Author Archives: jeremy

I am the Ethel and John Lindgren Professor of Sociology and a Faculty Fellow in the Institute for Policy Research at Northwestern University.

my experience with sociological science

I published my second paper in Sociological Science last week (first paper here). I’ve had a great experience with them both times: what they say about quick, no-bulls**t turnaround is absolutely true. Two things that I might not have anticipated about publishing there:

1. Despite the stuff about how the journal evaluates papers and doesn’t mentor them, for both papers, we still got useful feedback in the process of acceptance that led to revisions that strengthened the papers. It wasn’t very much feedback, and certainly not the laundry list of this-and-that one gets from reviewers, but it was a couple of incisive points that were correct and which I found myself wanting to address.

2. I don’t know who SocSci found as their copy editor, but the person is crazy good. For the paper that just came out, it was thoroughly copy edited with a lot of little things getting caught or changed, and yet I did not do one single STET. My usual experience with copy-editors is that they are either so superficial that they may as well be a bot, or they are intrusive in ways that lead to a lot of annoyance and STET-ing.

I’m very excited about Sociological Science more generally, and I’m pleased it is doing so well. I fell in love with the idea from the whatever was the first draft of the mission statement that I read. What I loved was that the statement offered a number of different innovations, but they were all guided by a single priority: what would a sociology journal look like if pushing social inquiry forward was the only thing that mattered?

antimatter

So much self-loathing in sociology, so many different diagnoses as to why. Overall, it gets frankly tiresome, even though I find particular sociologists’ particular (parting?) shots interesting. The latest: Orlando Patterson has an essay on “How Sociologists Made Themselves Irrelevant” in today’s Chronicle. I thought his best lines were toward the end:

The first is the Garfinkel rule, mentioned earlier: Never treat your subjects as cultural dopes. If you find yourself struggling to explain away your subjects’ own reasoned and widely held account of what they consider important in explaining their condition, you are up to something intellectually fishy.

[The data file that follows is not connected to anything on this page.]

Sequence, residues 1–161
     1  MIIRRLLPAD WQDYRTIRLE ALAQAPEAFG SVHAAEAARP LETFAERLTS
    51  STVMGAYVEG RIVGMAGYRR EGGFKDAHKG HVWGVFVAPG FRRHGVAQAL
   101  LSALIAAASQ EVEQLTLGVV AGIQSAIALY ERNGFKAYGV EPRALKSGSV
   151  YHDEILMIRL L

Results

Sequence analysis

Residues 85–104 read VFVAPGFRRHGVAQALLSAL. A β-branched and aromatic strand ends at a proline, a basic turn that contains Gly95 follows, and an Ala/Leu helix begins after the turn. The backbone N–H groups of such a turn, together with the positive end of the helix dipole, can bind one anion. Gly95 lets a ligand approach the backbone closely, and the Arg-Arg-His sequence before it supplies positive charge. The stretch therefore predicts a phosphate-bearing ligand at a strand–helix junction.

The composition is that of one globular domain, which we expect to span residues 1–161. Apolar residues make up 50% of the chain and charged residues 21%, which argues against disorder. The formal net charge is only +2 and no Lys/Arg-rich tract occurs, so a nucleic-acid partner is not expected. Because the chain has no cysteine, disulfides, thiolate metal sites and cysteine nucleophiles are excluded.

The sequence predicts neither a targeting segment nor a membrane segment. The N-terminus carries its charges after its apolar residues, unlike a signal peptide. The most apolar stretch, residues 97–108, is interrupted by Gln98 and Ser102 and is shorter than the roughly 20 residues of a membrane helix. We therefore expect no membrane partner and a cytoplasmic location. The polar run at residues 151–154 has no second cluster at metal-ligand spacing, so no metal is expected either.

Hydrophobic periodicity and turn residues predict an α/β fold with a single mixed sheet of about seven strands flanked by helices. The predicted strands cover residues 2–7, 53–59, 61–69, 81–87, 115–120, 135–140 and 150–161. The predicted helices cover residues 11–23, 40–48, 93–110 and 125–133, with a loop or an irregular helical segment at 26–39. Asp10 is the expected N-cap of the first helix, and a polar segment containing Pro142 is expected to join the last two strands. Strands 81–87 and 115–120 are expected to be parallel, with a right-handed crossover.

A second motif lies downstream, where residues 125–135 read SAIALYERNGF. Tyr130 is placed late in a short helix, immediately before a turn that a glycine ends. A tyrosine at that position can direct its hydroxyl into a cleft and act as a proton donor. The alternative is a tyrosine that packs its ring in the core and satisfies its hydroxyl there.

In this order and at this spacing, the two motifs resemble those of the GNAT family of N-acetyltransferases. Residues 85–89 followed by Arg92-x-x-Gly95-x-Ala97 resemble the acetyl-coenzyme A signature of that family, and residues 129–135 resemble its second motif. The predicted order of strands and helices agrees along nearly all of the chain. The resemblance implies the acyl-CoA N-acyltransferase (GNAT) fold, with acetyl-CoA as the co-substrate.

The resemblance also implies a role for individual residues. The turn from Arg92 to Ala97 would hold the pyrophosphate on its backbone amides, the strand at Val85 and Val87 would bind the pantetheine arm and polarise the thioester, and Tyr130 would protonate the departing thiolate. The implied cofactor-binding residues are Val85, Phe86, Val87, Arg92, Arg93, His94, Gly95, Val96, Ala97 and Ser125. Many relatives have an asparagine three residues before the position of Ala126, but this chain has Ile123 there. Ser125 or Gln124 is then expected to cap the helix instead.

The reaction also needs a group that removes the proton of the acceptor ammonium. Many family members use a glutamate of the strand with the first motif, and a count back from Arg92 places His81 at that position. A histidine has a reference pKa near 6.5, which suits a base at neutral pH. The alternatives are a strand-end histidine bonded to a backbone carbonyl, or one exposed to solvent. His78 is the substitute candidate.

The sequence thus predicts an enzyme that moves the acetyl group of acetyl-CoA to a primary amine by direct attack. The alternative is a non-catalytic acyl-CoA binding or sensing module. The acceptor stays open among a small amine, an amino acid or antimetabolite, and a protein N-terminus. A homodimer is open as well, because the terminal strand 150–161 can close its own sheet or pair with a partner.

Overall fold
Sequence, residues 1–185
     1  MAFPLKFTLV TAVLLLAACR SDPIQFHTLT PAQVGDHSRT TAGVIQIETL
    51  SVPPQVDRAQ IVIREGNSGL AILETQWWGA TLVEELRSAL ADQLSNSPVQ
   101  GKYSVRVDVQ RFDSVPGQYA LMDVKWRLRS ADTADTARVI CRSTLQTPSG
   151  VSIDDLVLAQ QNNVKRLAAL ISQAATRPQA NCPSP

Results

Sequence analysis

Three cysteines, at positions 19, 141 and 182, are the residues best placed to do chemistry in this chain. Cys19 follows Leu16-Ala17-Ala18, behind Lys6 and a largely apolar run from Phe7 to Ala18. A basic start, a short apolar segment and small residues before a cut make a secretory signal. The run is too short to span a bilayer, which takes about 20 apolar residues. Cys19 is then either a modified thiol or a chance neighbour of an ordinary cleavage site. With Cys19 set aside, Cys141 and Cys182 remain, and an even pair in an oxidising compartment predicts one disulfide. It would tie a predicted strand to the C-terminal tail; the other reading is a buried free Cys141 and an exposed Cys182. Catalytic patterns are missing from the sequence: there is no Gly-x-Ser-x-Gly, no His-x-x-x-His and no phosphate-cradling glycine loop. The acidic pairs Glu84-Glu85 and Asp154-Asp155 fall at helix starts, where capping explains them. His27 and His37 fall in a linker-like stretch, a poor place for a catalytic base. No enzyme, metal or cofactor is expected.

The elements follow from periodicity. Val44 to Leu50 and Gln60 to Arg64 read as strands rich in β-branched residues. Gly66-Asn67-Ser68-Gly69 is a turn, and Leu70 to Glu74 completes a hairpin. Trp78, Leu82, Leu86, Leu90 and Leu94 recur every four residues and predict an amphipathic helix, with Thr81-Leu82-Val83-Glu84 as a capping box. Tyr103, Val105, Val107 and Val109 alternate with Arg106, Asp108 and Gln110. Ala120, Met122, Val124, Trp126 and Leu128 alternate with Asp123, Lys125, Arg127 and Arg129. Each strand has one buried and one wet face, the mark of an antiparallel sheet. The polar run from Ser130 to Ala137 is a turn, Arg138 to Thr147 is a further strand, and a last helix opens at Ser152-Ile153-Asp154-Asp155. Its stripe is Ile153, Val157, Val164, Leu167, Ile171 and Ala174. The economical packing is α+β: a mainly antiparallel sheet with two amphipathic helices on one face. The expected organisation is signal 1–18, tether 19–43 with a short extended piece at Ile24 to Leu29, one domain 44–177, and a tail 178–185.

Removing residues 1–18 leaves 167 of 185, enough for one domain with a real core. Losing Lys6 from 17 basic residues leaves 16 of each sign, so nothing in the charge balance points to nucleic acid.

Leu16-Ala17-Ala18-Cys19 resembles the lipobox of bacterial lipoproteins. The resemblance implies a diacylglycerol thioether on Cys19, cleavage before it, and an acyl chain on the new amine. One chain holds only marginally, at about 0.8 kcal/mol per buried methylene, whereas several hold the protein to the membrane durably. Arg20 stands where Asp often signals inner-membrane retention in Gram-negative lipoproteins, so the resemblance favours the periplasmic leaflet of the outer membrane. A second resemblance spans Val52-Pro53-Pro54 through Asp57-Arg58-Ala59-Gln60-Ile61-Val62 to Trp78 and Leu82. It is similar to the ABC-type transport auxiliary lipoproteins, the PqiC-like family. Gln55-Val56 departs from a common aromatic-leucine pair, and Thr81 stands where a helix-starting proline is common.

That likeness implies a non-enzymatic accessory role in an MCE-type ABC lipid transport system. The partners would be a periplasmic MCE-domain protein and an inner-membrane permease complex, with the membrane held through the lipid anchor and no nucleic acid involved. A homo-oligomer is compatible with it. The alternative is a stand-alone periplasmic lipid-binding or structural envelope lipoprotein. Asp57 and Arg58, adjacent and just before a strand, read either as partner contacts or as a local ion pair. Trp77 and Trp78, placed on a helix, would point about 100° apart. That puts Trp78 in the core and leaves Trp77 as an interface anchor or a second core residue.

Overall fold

The second is this: If you end up with findings that have policy implications that you would never dream of advocating for yourself or your loved ones, be wary of them. A case in point: If you find that neighborhoods have no effects, you should be prepared to do the rational thing and go live in an inner-city neighborhood with its much cheaper real estate, or at least advise your struggling son or daughter searching for an apartment to save by renting there. If the thought offends you, then something stinks.

Anyway, his call for a more “public sociology” is just using the slogan to call for–what I do agree with–sociology that is more connected to social policy. I mean, I like that sociology allows one to think about big-picture questions that don’t always have to come back to policy–indeed, I think that is one of the great privileges of being in our field. Continue reading

annals of very large effect sizes

From Nicholas Kristof’s most recent column in the NYT:

Researchers once showed people sketches of a white man with a knife confronting an unarmed black man in the subway. In one version of the experiment, 59 percent of research subjects later reported that it had been the black man who held the knife.

Does anyone know the study on which this is based?

causes of differences

The other day I read a useful paper about causation, by Kenneth Waters, who is now at the University of Calgary. At least I found it useful. Every so often I’ll make a dive into philosophical literature on causation, and the recurrent problem that I find is that philosophers are generally preoccupied with causation for single events (examples of balls hitting other balls and convoluted assassination schemes) or for big generalizations about classes of events. Meanwhile, sociologists regularly form their causal questions as about differences between groups of persons, as in wanting to explain why whites score higher on standardized tests than blacks or why women live longer than men.